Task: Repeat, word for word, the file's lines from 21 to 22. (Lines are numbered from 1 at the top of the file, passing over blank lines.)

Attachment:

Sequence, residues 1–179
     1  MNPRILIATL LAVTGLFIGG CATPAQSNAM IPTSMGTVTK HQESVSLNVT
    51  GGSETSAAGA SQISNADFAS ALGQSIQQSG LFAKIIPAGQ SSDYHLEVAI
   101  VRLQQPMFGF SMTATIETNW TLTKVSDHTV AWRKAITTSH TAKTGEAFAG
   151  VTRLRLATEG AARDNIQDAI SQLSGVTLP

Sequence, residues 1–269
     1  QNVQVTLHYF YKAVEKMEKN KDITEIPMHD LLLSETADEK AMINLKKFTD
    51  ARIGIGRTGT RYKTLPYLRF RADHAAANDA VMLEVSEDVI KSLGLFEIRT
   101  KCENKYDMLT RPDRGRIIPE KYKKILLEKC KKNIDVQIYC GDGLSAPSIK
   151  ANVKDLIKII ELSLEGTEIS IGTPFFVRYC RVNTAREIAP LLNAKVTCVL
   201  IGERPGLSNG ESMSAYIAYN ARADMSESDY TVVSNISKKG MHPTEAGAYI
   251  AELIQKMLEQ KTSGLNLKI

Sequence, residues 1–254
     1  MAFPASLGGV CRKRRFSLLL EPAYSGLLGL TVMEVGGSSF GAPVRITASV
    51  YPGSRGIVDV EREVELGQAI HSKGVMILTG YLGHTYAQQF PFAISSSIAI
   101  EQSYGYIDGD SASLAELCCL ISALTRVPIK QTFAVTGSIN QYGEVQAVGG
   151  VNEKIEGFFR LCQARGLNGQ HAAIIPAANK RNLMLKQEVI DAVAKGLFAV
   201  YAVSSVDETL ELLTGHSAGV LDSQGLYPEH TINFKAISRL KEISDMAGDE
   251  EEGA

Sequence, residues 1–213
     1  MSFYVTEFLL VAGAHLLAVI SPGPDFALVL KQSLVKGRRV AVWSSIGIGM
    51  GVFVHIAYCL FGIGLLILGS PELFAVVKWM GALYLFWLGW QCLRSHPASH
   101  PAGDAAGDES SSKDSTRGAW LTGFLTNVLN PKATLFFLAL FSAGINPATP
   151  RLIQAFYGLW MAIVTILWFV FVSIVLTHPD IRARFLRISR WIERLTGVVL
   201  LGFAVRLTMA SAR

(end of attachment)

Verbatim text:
     1  MSFYVTEFLL VAGAHLLAVI SPGPDFALVL KQSLVKGRRV AVWSSIGIGM
    51  GVFVHIAYCL FGIGLLILGS PELFAVVKWM GALYLFWLGW QCLRSHPASH